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ART MARKET: Orlando's raffish role models

In 1920s bohemia, Kathleen Hale knew everyone from Andre Breton to Antonia White - but she is best known for a cat. Madeleine Marsh on the sale of her work

Madeleine Marsh
Sunday 03 December 1995 00:02 GMT

AT THE same time as Virginia Woolf was writing her great novel Orlando, round the corner another Bloomsbury resident, Kathleen Hale, was preparing the ground for her own literary masterpiece, Orlando the Marmalade Cat.

First published in the 1930s, the illustrated stories of Orlando, his "dear wife" Grace and their three kittens, Blanche, Pansy and Tinkle, have delighted children since, and are regarded by adults as classics of children's literature. What makes Kathleen Hale's work so special and so captivating is its wit, its tongue-in-cheek detail and the complete integration of words and images on the page.

Her admirers put her firmly in the tradition of William Blake - the 18th- century pioneer of illustrated text. "She follows on from him," says Professor Christopher Frayling of the Royal College of Art (owner of a ginger cat called Orlando, and a passionate Kathleen Hale fan since the age of five). "She's not like Beatrix Potter, whose little rabbits are simply plonked alongside the stories. With Hale, image and words are simultaneous, a complete artistic expression. She is a marvellous artist and lithographer."

At Kathleen Hale's retrospective exhibition, which began last week at London's Gekoski Gallery and continues until 21 December, visitors can judge her work and reputation for themselves. Most of the paintings and illustrations on display have never been seen by the public before. At the age of 97, the artist has decided to sell the entire contents of her studio.

"At my age," she says unsentimentally, "I have to think of what I'm leaving to my sons for them to cope with. There are far too many paintings for them to house. I might have to leave my home and go into care, and there would be no room for all these paintings there." Rick Gekoski, organiser of the sale, confirms that Hale's concerns are as much financial as pragmatic. "I hope we do well for her," he says, "because she really does need the money."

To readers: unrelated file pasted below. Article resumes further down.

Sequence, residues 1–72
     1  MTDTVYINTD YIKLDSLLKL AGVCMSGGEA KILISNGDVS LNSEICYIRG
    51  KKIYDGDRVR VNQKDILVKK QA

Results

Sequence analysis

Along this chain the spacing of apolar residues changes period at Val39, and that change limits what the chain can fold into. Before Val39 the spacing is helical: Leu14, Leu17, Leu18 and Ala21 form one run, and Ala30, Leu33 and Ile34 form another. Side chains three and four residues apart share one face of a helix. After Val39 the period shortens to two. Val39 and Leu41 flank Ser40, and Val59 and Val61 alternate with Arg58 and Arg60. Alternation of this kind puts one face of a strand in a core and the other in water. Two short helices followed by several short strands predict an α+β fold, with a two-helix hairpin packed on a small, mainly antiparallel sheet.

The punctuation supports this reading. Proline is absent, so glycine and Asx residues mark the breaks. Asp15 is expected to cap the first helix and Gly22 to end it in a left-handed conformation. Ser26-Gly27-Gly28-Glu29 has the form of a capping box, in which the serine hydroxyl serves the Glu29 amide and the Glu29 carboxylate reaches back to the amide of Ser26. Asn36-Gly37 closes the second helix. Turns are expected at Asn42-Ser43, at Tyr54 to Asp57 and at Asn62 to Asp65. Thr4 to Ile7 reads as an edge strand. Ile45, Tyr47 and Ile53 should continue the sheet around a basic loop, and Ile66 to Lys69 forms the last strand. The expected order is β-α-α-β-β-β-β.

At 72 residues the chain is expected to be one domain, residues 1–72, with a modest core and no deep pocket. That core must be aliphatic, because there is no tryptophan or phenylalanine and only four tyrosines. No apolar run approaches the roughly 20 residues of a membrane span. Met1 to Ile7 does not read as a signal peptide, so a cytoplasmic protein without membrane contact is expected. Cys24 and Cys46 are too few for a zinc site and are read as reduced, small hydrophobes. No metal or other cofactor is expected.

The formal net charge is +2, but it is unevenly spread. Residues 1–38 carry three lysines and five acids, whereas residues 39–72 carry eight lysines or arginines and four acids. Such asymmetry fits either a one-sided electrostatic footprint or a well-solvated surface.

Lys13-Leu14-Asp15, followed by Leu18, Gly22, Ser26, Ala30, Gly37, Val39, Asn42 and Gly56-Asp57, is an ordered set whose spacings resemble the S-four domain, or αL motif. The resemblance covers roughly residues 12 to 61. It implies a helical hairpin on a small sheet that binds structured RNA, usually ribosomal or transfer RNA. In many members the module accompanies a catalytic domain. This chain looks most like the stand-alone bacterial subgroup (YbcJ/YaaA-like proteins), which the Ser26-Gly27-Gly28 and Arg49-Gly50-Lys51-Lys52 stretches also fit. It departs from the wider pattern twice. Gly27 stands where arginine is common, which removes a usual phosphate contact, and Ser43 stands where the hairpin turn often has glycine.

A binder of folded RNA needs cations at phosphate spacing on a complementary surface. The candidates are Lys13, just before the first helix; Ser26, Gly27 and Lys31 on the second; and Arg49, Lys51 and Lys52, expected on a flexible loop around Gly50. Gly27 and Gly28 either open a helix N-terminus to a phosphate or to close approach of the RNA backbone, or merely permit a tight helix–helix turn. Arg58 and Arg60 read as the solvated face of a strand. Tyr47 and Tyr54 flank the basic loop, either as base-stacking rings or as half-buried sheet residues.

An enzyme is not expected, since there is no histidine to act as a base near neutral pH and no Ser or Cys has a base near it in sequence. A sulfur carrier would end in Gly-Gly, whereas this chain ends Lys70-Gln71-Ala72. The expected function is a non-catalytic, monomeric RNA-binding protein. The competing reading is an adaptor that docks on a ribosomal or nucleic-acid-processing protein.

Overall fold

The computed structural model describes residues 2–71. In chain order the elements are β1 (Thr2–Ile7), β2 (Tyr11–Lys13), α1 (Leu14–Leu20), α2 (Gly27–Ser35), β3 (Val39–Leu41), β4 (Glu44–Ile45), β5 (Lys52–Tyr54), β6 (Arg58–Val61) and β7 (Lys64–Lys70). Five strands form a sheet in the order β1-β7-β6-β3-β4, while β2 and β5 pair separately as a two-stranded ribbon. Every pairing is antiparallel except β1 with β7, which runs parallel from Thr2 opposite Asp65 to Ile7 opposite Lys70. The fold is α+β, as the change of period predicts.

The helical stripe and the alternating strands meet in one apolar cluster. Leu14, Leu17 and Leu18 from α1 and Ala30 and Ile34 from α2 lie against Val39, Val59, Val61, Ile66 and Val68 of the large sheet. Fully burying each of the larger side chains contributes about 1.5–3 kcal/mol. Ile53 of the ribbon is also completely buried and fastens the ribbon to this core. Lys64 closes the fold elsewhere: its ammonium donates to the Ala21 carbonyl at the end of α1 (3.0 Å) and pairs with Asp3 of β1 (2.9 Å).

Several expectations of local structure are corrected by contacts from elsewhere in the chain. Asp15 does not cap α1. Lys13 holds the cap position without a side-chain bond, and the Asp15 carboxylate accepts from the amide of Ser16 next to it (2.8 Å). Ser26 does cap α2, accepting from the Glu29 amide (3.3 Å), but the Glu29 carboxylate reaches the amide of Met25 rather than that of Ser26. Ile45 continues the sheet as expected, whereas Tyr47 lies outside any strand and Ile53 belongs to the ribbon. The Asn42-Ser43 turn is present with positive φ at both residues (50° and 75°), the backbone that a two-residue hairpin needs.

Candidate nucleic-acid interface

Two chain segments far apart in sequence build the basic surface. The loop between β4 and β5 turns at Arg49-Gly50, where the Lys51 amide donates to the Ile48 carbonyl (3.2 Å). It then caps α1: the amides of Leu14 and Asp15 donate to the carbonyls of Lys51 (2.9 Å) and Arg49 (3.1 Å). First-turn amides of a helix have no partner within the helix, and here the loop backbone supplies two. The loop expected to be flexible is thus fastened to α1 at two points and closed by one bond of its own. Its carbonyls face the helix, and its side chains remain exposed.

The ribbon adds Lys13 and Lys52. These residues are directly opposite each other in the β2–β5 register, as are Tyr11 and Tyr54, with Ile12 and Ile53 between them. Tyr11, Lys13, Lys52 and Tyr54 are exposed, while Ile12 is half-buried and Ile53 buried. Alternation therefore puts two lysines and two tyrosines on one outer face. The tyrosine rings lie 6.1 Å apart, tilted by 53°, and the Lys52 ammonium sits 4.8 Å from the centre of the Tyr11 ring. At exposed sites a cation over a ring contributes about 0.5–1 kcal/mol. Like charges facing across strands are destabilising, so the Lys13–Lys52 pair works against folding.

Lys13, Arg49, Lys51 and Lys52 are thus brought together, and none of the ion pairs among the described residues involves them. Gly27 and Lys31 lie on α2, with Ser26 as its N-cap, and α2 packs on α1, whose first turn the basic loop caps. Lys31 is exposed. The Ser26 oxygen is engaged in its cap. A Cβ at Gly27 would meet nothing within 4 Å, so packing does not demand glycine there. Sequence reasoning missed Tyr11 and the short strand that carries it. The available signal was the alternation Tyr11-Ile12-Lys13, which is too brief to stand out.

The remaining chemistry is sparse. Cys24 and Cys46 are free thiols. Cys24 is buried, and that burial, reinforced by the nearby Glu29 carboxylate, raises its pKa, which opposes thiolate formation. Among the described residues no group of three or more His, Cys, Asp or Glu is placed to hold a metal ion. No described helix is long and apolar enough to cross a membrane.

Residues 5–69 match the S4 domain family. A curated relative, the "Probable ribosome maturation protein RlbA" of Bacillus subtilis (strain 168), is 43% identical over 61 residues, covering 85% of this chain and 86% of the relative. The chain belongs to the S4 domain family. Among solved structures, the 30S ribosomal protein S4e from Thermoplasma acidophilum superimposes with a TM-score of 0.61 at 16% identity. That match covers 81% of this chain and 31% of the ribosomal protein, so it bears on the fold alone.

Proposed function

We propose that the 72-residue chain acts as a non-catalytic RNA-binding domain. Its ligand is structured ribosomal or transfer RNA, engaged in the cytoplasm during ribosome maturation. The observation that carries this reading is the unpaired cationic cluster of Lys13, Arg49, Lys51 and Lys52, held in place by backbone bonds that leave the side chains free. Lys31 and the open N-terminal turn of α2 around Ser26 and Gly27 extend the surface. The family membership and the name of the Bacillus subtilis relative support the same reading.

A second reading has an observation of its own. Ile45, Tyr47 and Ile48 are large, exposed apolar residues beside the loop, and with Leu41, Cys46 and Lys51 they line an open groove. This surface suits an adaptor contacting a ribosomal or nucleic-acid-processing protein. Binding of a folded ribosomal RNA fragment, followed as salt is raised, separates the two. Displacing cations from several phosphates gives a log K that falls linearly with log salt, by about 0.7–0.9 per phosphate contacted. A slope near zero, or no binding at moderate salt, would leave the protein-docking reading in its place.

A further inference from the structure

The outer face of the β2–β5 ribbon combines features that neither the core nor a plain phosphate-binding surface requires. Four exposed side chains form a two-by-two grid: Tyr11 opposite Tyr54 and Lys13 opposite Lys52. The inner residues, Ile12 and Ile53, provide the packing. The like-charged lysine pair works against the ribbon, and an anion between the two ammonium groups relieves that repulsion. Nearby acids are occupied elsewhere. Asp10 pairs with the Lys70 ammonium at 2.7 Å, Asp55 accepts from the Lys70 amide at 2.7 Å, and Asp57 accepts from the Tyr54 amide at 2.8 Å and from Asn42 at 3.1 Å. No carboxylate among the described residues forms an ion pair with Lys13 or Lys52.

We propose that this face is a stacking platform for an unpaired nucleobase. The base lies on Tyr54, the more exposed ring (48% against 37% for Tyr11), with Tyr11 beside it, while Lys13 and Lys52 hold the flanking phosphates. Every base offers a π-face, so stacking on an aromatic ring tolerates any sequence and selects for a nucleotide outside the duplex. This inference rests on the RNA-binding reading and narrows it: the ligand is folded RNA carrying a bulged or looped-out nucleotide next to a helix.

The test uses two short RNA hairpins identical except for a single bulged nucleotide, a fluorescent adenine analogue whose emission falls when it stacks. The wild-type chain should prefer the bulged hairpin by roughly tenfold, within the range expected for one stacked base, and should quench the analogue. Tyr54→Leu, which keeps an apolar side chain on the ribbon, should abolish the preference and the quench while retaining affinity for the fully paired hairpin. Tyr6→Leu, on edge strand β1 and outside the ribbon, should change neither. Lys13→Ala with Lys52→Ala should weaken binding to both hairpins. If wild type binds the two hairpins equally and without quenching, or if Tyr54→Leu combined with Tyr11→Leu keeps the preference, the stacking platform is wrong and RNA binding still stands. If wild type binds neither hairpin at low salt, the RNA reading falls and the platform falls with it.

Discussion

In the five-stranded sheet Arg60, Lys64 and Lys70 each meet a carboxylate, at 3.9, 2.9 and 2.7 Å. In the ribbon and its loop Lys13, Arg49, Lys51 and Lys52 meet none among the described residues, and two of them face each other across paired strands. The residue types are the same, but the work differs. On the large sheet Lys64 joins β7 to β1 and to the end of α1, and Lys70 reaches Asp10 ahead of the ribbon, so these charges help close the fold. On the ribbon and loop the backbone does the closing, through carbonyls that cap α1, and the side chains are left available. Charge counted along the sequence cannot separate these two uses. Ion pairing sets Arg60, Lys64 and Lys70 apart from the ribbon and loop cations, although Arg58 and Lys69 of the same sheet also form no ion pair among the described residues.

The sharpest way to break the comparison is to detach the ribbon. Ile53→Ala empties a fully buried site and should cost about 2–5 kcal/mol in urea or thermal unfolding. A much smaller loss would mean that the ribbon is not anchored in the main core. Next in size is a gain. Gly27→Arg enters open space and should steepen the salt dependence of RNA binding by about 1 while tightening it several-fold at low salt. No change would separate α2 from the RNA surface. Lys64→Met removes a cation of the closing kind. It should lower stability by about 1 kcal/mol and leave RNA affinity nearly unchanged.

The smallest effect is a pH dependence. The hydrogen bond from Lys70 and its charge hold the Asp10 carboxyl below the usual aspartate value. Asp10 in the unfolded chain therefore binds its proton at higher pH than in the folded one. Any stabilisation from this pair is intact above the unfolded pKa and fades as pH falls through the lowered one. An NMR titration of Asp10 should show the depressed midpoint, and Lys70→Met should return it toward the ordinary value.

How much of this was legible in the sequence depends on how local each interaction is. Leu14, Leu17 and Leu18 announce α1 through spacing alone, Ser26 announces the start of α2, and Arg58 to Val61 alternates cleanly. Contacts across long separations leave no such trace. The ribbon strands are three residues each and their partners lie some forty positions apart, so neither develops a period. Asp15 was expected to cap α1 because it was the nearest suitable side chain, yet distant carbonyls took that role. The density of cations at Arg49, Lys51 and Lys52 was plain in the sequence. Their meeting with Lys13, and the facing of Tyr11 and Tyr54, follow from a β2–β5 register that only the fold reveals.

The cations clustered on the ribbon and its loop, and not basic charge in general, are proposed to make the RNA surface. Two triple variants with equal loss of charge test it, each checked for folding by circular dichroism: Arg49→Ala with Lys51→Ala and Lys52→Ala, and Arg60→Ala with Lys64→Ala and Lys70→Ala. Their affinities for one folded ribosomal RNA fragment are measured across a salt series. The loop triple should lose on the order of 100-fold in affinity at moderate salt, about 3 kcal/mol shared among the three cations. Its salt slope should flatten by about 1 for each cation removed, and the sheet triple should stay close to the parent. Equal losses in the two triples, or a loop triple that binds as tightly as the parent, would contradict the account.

The show includes oil paintings, drawings and watercolours, ranging from beautiful portrait studies from the 1920s to recent paintings of Kathleen Hale's Oxfordshire cottage - the lifetime oeuvre of a woman who was an artist as well as an illustrator. The undoubted stars, however, are the Orlando pictures - sketches for the books, designs for Christmas cards and friezes, even artwork for the Orlando ballet that was staged at the Festival of Britain in 1951.

Very few Hales have ever appeared on the art market before, and Rick Gekoski admits that pricing the pictures has been very difficult. He tested the water earlier this year when he sold some of the original dummies for the books; prices in the current show range from around pounds 350 for a drawing to pounds 5,000 or so for the finest, finished Orlando pictures. "I think they are very reasonably priced compared to the current values of other great illustrators," he maintains.

Hale certainly has a wide following. Her adult admirers include Margaret Drabble, who recently declared that the Orlando stories were her favourite books of all time. Contemporary illustrators, too, acknowledge her as a major influence. First editions of her books can fetch pounds 100 or more, and when Rick Gekoski - who is a book dealer - announced his intended sale, he was overwhelmed by the response. Buyers have come in droves with their chequebooks, he says - "not established book or art collectors, but people who had been Orlando lovers as kids."

Today, children are still attracted by the humour of the characters, the magic of their adventure and the affectionate warmth of the feline family (Frederick Warne, publishers of the Orlando books, have reissued eight titles since 1990 and more are scheduled). But the halcyon and seductive image of childhood portrayed is very far from the author's own experience. Her father died (from the effects of venereal disease) when she was just five years old, and she lived with an aunt for over four years because her mother had to work. In her autobiography, A Slender Reputation, she explains that the Orlando books were written "with the subconscious desire to create for myself the united family ... I had never had".

Kathleen Hale was born in 1895. As in the Orlando books, the family consisted of two girls and a boy - but there the resemblance ends. Her childhood was a cruel and charmless one: she describes her Aunt Eileen as a bitter and "brittle thin" spinster who ate raw liver every morning to cure her anaemia, forced Kathleen to wear a placard inscribed "I wet my drawers" and beat the children frequently with a bristled whalebone hairbrush. Kathleen Hale adds with satisfaction that the unkind Aunt Eileen eventually became as "bald as an ostrich egg".